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E3 2016: Hands-On with Ghost Recon: Wildlands - A Wild Time
Post by Steve Farrelly @ 04:56am 15/06/16 | Comments
At E3 2016 AusGamers was given a chance to get hands-on with Ghost Recon: Wild Lands. Here are our initial thoughts...

Ghost Recon: Wildlands is fun. In fact, it’s pure fun. There’s no pretentiousness here, the game is what it is, unapologetically. Sure, the team has gone open-world, you can skydive to destinations now, drive any vehicle you see and even throw grenades at lamas, but behind all of these shifts in design and focus, there’s a genuine sense that it was put together to coalesce in nothing but pure fun.

Does that mean it’s stripped back? Not entirely. I will confess to not being a hardcore Ghost Reconner, but I’m a hardcore gamer and even in a 20-minute hands-on session I required revival a handful of times. Once because I was being too nosey, next time because I was overly confident. The final time was just because, well, the game offers up a serious challenge (at E3 events, developers tend to strip back their challenge level too, so this was telling). It’s honestly not as good looking as, say, Watch Dogs 2, but it doesn’t need to be. It’s more than serviceable for what it’s presenting, which is a lush open-world with myriad things to do, and in talking to my lamas incident earlier -- Ubisoft understands that it can’t be work all the time, and so serious as taking down drug cartels is, you can also put your feet up and just play with the systems here. Like lobbing grenades at second-rate sheep, if that’s what you want to do.



We played the same mission three times in my short hands-on with the game. This isn’t a bad thing, either. It means I saw three different approaches, and on my final two playthroughs we had new teammates, which equally added to the diversity on offer here, because at the end of the day, our objective remained the same.

Initially the process required gaining intel from a goon at stronghold. Initially, we did this the stealth way; taking out the baddies surrounding him and then engaging in a car chase. It was exhilarating. On the third try we were confident and primed enough as a team that we stormed the stronghold and our would-be informant didn’t even have time to get in his vehicle - entirely unscripted. Well, as unscripted as a game can seem, but certainly dynamic.

All of this evidence gathering leads to an even bigger stronghold to tackle (Ubisoft does love their enemy strongholds), which could be approached in numerous ways. Enemies could also react in unique ways, with alarms, gunner positions, snipers and more becoming active against your campaign. Our first time through, two of us took to the towers harbouring both our target and snipers, while our other two counterparts went low and made sure no one sounded alarms or found a seat behind a mounted weapon. It was well-oiled machine-type work. Like, John Deer sponsorship levels.



The second time I just positioned myself up on a ridge, pulled out my sniper rifle and cherry-picked off the most important big bads that would give us a troubling time. By the time the ground team had made it to their destinations, I’d taken out some eight or so of our most worrisome enemies, leaving the rest as scraps for my teammates. The third time, I fucked around and got nowhere because, like I said earlier, the game can be very challenging -- Rainbow 6 challenging if you’re not on your toes.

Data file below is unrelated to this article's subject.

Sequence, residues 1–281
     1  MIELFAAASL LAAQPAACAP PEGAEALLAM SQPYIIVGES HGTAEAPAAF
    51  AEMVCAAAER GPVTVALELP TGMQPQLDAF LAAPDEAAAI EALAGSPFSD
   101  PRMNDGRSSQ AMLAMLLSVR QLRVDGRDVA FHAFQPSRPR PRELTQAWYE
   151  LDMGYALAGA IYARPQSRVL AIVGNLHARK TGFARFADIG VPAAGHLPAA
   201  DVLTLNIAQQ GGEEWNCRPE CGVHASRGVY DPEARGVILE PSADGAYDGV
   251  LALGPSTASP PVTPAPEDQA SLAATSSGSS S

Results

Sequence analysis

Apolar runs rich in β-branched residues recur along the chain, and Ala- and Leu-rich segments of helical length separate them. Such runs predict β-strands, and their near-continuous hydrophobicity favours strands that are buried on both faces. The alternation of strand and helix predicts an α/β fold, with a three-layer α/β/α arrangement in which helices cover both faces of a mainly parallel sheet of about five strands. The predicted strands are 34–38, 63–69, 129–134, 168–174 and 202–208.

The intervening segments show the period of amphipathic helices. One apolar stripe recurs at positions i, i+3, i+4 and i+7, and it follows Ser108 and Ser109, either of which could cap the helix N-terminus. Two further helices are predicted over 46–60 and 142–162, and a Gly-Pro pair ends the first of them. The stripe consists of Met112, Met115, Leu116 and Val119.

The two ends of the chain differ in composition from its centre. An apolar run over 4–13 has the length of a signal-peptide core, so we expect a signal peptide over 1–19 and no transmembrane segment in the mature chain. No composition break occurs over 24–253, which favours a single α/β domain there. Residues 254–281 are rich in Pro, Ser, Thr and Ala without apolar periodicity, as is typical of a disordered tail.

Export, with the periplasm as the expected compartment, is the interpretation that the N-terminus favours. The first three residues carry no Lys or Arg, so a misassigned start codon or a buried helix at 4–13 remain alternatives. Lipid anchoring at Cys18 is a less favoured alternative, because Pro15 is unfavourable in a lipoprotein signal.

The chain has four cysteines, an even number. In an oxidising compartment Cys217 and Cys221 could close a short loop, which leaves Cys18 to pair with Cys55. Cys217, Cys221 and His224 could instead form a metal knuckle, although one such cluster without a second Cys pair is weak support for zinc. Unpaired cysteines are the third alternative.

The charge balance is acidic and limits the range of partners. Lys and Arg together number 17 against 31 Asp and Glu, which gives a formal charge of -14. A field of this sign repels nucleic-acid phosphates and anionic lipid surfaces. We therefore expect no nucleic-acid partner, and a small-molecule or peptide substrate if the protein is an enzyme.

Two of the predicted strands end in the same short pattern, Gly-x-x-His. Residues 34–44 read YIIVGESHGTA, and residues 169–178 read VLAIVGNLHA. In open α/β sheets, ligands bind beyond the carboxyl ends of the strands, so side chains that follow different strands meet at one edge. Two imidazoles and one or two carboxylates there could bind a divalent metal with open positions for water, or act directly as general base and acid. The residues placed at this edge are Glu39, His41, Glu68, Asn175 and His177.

Ultimately all of these moments lead me to a handful of initial thoughts: this is a game with absolute fun in mind, but it doesn’t dumb itself down to arcade levels to do it. Smarts will get you everywhere. It allows for varying playstyles, even within disparate groups of players -- people who don’t even know each other. This is a design complexity other developers do struggle with, but the systems, AI and open-world approach to every scenario -- so far -- looks to understand and even work with this idea. It also just feels like a game that knows what it wants from its players, it’s not a bells and whistles approach either, it’s just an elevator pitch gone right: “maybe we should go big and open-world with coop in mind for the next Ghost Recon”.

Like so many other E3 products, however, time will tell. And more telling will be the final product, but having gone through the same mission three times, with each and every one being unique and fun, the studio is on the right track. With these games though, there’s always the concern of forced environments for the likes of writers like myself, who get the most out of a vertical slice, and having to play a game like this with friends to ensure you’ll get the best time. But being weary of that very position, I’m still erring on the side of the developer here because the balance feels spot-on.



It’s too early to throw too many negatives, but we’ll have more on the game soon with a developer interview and even more on just how open this open-world really is. But for now, know that the best part of my hands-on experience with Ghost Recon: Wildlands is that it was fun. Three times fun. And in E3 environments like I’m in this week, that’s a rarity.


Read more about Ghost Recon Wildlands on the game page - we've got the latest news, screenshots, videos, and more!